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I've been using boost::mutex::scoped_lock in this manner:

void ClassName::FunctionName()
     boost::mutex::scoped_lock scopedLock(mutex_);
     //do stuff
    while(waitBoolean == true ){
    //get on with the thread's activities

Basically it sets waitBoolean, and the other thread signals that it is done by setting waitBoolean to false;

This doesn't seem to work, however, because the other thread can't get a lock on mutex_ !!

I was assuming that by wrapping the scoped_lock in brackets I would be terminating its lock. This isn't the case? Reading online says that it only gives up the mutex when the destructor is called. Won't it be destroyed when it goes out of that local scope?

Signaling part of code:

   boost::mutex::scoped_lock scopedLock(mutex_);
   //Run some function that need to be done...


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The scoped_lock object is destroyed at your closing bracket and the mutex is released. Please, post the signaling part of the code. By the way, a boost::condition_variable is better for your needs – neuro Aug 10 '09 at 17:55
Well seeing your signaling code it can work in certain cases, but depends on the processing you do (your comments). If there is other synchro it is worse. A condition variable is the way to do that. I've posted code I use to do this sort of synchro. – neuro Aug 10 '09 at 18:19
The signaling thread's "work" does not lock anything else. It runs independently. – Alex Aug 10 '09 at 18:27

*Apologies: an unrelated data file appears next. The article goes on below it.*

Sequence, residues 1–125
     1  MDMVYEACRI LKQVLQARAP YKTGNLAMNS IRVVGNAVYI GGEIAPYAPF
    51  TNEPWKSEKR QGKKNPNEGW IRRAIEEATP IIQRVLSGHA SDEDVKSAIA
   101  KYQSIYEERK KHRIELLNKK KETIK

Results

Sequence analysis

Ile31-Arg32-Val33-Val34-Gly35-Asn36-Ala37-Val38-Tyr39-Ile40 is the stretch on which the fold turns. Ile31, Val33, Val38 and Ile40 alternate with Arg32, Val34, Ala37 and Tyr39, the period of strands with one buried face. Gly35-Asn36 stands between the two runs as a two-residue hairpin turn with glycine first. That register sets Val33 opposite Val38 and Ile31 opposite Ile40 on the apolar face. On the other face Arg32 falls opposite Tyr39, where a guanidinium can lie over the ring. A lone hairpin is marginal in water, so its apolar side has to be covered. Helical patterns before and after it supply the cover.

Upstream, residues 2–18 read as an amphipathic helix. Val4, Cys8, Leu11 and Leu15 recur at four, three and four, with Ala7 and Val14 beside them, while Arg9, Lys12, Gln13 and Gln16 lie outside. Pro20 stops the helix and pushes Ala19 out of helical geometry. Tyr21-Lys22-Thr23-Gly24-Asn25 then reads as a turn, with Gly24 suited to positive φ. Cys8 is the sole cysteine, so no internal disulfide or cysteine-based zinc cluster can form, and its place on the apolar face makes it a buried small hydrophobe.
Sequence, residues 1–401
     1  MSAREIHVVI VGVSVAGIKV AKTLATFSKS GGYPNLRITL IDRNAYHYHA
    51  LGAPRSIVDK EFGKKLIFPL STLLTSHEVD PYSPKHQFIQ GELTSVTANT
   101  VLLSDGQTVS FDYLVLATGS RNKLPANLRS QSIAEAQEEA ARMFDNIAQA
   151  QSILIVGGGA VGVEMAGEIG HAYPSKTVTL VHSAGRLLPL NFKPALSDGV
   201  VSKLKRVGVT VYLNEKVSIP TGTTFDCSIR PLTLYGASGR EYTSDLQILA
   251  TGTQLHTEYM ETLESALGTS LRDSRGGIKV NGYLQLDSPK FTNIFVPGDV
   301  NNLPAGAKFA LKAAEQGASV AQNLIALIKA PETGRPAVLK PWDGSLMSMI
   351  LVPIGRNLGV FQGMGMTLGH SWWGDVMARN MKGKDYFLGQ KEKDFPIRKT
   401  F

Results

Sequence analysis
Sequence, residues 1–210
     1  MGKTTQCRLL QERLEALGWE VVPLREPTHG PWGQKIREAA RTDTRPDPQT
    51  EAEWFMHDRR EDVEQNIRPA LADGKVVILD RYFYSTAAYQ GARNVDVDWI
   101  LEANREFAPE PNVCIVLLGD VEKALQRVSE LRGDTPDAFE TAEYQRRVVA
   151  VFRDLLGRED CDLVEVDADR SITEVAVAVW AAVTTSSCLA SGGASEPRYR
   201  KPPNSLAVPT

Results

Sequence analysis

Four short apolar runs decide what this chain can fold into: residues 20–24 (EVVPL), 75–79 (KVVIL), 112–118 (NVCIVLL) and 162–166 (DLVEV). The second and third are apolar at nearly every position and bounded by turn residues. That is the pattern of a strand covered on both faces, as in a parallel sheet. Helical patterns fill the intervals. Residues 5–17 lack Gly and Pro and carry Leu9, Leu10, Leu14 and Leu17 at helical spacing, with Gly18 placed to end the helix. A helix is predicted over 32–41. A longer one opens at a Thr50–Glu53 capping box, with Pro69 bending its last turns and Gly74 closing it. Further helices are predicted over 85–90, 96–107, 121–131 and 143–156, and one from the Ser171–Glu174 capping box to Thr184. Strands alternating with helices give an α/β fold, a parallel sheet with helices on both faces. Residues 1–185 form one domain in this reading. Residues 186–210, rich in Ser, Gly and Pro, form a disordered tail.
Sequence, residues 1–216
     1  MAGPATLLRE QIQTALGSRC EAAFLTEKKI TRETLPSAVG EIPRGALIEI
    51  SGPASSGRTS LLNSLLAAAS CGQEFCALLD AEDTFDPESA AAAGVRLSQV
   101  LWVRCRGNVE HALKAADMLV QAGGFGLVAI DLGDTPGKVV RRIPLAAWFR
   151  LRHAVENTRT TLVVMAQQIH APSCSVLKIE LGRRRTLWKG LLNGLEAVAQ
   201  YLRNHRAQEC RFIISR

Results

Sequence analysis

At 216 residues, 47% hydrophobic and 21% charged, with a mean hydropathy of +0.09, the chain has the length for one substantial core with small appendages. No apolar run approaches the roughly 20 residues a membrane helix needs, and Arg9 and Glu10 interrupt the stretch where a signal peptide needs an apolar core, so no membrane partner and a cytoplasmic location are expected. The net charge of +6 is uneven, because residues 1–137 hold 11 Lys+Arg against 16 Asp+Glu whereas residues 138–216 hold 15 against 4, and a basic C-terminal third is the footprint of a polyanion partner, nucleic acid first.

up vote 16 down vote accepted

The scoped_lock should indeed be released at the end of the scope. However you don't lock the waitBoolean when you're looping on it, suggesting you don't protect it properly other places as well - e.g. where it's set to false, and you'll end up with nasty race conditions.

I'd say you should use a boost::condition_variable to do this sort of things, instead of sleep + thread-unsafe checking.

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To synchronize two threads use a condition variable. That is the state of the art way to synchronize two threads the way you want :

Using boost, the waiting part is something like :

void BoostSynchronisationPoint::waitSynchronisation()
    boost::unique_lock<boost::mutex> lock(_mutex);

    _synchronisationSent = false;
        _condition.wait(lock); // unlock and wait

The notify part is something like :

void BoostSynchronisationPoint::sendSynchronisation()
        boost::lock_guard<boost::mutex> lock(_mutex);
        _synchronisationSent = true;


The business with _synchronisationSent is to avoid spurrious wakeups : see wikipedia

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Also I would suggest to mark as volatile that waitBoolean, however you have to use a condition or even better a barrier.

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